Super User Written by  Mar 14, 2019 - 33 Views

ILO meeting agrees measures to attract and retain seafarers

Geneva: The International Labour Organization (ILO) said Wednesday that governments, shipowners, seafarer organizations, intergovernmental and non-governmental organizations had taken steps to make seafaring more attractive for young people

The ILO said in a statement these groups met in Geneva between Feb. 25 and March 1 to adopt the measures to improve the attractiveness of seafaring for young people.

Shipping carries over 90 percent of world trade in terms of tonnage and the movement of millions of passengers.

"This meeting addressed the issues and approaches needed to ensure that the future of work in the maritime shipping sector is attractive, including for women and other groups vulnerable to discrimination, and that it retains qualified seafarers," said the meeting's chairperson, Henrik Munthe, a Norwegian attorney at law.

He said that without qualified seafarers, shipping, the engine of global trade, could not function.

ILO said a creative approach, involving the social partners and all other relevant stakeholders, is needed to achieve both meaningful and viable solutions.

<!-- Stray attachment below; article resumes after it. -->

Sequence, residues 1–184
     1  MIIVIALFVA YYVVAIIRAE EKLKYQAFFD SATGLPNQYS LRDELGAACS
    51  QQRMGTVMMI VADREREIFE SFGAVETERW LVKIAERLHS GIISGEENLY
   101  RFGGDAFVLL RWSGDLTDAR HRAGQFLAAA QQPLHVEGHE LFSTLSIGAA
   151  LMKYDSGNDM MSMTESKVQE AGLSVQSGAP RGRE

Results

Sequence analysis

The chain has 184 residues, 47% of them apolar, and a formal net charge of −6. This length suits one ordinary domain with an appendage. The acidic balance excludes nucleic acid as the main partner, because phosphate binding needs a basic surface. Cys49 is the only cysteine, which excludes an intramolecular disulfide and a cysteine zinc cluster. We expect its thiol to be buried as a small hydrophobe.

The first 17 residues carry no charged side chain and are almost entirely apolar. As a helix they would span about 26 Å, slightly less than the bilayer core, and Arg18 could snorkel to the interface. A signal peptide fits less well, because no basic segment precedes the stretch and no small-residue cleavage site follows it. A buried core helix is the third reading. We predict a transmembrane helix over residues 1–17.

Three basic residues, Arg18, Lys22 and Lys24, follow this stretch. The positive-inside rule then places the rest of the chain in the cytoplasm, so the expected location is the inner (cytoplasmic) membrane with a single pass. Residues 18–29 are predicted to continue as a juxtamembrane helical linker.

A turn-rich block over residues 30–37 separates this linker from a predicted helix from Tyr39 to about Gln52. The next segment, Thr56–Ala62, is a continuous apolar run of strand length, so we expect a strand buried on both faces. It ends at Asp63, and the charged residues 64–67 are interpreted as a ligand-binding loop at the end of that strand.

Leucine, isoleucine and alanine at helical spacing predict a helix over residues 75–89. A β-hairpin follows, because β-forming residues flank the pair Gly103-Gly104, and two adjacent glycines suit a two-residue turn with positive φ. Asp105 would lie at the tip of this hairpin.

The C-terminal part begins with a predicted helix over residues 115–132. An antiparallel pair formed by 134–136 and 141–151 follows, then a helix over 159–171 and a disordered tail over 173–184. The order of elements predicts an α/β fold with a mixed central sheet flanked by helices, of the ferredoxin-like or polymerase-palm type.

The organization said that while there are many positive and attractive aspects to a maritime career, there are also challenges and issues that may dissuade young people from becoming seafarers and may cause experienced seafarers to leave the sea.

The projected seafarer shortage, particularly for officers, calls for promoting good practices and addressing problem areas to ensure that there are qualified and motivated seafarers in the future.
Maritime shipping, as with other sectors, is adjusting to ongoing technological developments, said the ILO.

These include automation and digitalization, reduced crew sizes and the resultant potential stress and isolation, limited shore leave and changes in shipping operations and management.

Developments in communication technology, such as internet access, including on the high seas, are generally positive, providing seafarers with the means to keep in contact with friends and family ashore, but these also may lead to less social interaction on board
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